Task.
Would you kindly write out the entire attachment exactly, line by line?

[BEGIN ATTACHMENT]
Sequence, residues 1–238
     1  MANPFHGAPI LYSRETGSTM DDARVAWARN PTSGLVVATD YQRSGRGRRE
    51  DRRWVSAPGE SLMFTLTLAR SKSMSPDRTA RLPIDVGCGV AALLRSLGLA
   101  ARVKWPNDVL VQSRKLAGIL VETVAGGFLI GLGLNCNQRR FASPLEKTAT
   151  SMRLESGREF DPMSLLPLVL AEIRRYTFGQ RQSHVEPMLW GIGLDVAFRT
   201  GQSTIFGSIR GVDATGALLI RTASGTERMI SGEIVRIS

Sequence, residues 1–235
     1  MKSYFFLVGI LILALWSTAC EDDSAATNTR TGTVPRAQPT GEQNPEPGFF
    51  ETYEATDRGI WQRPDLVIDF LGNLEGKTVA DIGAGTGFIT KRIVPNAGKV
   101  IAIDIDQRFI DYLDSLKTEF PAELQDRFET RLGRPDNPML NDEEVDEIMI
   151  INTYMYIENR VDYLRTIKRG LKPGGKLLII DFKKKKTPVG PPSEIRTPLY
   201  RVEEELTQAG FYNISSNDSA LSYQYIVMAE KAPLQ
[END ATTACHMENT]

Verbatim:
Sequence, residues 1–238
     1  MANPFHGAPI LYSRETGSTM DDARVAWARN PTSGLVVATD YQRSGRGRRE
    51  DRRWVSAPGE SLMFTLTLAR SKSMSPDRTA RLPIDVGCGV AALLRSLGLA
   101  ARVKWPNDVL VQSRKLAGIL VETVAGGFLI GLGLNCNQRR FASPLEKTAT
   151  SMRLESGREF DPMSLLPLVL AEIRRYTFGQ RQSHVEPMLW GIGLDVAFRT
   201  GQSTIFGSIR GVDATGALLI RTASGTERMI SGEIVRIS

Sequence, residues 1–235
     1  MKSYFFLVGI LILALWSTAC EDDSAATNTR TGTVPRAQPT GEQNPEPGFF
    51  ETYEATDRGI WQRPDLVIDF LGNLEGKTVA DIGAGTGFIT KRIVPNAGKV
   101  IAIDIDQRFI DYLDSLKTEF PAELQDRFET RLGRPDNPML NDEEVDEIMI
   151  INTYMYIENR VDYLRTIKRG LKPGGKLLII DFKKKKTPVG PPSEIRTPLY
   201  RVEEELTQAG FYNISSNDSA LSYQYIVMAE KAPLQ